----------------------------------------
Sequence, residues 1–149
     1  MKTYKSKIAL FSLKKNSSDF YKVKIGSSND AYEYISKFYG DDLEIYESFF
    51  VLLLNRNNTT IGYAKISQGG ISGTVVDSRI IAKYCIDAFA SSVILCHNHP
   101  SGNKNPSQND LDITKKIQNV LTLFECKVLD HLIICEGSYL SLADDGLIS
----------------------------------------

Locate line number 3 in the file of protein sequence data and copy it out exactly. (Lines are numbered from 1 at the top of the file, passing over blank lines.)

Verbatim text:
    51  VLLLNRNNTT IGYAKISQGG ISGTVVDSRI IAKYCIDAFA SSVILCHNHP